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Note: I am bumping this back to the top of the articles for another week as I’d like to get more participation in the survey (see below). If you’ve tried one of these services, please tell us about your experiences in the survey.
What’s a Manufacturing Marketplace?
We’ve all used online marketplaces that were designed to hookup buyers and sellers. Ebay is a great example as is Amazon or Kickstarter. A Manufacturing Marketplace puts people looking to have parts made together with Manufacturers. The emphasis is often on making it easy to get quotes. Here are a few examples:
There are related companies, such as ProtoLabs, Plethora, and eMachineShop that make it easy to get online quotes quickly, but the difference is they do the manufacturing themselves. With a true Manufacturing Marketplace, you can sign up to do some of the manufacturing on quotes you win. In other words, they’re a source of sales leads for your business, and that’s where the controversy starts.
How Come They Seem a Bit Controversial?
Bring up the topic of Manufacturing Marketplaces and you’ll get a polarized discussion going in a hurry. It’s not quite as bad as asking whether people should learn manual machining before CNC, but it’s close!
You’ll get one group that swears they’ve gotten good results from Marketplaces and another that swears up and down they’re a ripoff. There’s usually not an awful lot in between.
Why so much passion? Right now, I can only speculate, but from the look of it, there’s one group that spent a lot of money joining a marketplace and then never won any successful business. That’s the sort of thing that will make anyone unhappy! The other group joined and was able to win some good business.
Those that didn’t win any good business are probably wondering what manner of cheat was necessary and whether those claiming to have won are real or just schills.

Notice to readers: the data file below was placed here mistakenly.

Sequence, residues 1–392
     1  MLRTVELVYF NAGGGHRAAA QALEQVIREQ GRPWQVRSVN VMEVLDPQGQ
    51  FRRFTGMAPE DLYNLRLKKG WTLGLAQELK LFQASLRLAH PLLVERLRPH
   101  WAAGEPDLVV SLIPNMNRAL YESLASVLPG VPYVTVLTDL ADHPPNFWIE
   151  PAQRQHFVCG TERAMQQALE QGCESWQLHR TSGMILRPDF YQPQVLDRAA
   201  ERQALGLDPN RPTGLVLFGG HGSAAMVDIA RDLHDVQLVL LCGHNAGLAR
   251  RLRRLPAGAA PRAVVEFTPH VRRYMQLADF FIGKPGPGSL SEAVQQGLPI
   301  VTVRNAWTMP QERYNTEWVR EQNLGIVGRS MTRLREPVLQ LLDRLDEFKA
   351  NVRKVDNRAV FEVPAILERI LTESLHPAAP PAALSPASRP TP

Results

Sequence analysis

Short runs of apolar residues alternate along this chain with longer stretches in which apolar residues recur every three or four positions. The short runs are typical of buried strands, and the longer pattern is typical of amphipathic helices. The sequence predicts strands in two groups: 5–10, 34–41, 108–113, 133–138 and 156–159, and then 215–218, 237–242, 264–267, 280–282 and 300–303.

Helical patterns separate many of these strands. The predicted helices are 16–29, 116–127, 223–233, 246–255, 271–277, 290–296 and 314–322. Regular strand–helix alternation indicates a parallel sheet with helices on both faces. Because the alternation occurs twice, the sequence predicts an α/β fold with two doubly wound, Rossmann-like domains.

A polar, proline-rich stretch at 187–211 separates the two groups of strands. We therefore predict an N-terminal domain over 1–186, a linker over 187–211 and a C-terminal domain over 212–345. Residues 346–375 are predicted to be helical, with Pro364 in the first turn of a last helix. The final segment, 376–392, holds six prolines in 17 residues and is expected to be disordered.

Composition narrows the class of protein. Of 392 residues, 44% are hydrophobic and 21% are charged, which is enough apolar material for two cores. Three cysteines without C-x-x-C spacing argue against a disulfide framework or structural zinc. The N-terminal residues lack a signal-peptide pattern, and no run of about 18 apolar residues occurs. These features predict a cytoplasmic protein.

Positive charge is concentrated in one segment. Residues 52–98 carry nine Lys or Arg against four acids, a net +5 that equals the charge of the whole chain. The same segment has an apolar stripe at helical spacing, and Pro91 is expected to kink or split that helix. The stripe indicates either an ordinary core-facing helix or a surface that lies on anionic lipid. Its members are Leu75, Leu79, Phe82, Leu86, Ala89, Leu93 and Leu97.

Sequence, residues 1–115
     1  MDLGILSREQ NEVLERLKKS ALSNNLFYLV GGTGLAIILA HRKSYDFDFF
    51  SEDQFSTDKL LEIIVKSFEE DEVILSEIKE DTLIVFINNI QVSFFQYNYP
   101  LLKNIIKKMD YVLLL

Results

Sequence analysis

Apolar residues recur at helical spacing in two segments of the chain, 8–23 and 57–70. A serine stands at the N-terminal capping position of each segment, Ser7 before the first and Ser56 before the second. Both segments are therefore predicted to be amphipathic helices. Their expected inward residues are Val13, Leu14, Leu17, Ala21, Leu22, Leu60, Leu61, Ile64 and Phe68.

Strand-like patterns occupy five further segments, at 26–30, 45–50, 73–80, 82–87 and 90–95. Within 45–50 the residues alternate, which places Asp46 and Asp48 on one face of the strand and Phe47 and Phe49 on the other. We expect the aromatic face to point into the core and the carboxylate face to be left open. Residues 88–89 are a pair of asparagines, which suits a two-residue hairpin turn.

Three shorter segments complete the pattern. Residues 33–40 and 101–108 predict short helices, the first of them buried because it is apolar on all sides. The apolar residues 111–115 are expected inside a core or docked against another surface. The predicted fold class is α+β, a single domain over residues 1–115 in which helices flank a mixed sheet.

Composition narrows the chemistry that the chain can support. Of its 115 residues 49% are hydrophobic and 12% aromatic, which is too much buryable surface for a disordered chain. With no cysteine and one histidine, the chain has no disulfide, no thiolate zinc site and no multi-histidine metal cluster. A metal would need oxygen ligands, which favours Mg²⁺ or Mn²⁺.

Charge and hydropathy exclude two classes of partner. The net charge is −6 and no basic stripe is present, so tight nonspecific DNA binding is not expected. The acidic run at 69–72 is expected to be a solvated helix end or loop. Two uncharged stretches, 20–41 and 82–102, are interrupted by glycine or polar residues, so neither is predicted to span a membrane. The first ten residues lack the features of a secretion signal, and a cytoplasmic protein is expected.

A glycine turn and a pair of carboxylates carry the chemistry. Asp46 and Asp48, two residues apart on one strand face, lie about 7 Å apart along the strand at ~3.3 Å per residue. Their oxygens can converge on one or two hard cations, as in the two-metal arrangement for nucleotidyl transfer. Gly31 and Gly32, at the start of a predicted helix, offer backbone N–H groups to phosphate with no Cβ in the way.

Here’s the thing to remember about any marketplace: they magnify competition in exchange for providing access. If you thought a bunch of RFQ’s with fat profit margins were going to start rolling off the conveyor belt and into your lap, that was probably a misplaced expectation. Think of eBay or Amazon–they don’t exactly seem like places for fat profit margins, do they? Yet, they can drive volume or make it possible for you to relatively efficiently sell something you wanted to get rid of anyway.
So how do you win on a Manufacturing Marketplace?
That’s a complex question that I’m not going to try to answer in any great detail here. Rather, what I want to do is launch a survey so we can all get smarter about them. If you’ve ever used one of these marketplaces, that is, if you paid their feeds and bid on some jobs, tell us what your experiences were–good and bad. Our survey is short and it won’t take you long.
Once we’ve collected enough answers, we’ll analyze the results and share them with you. I’ll also be following up with some guidelines to help you get better at quoting and winning business, whether it’s on one of these Marketplaces or being done in some more traditional way.
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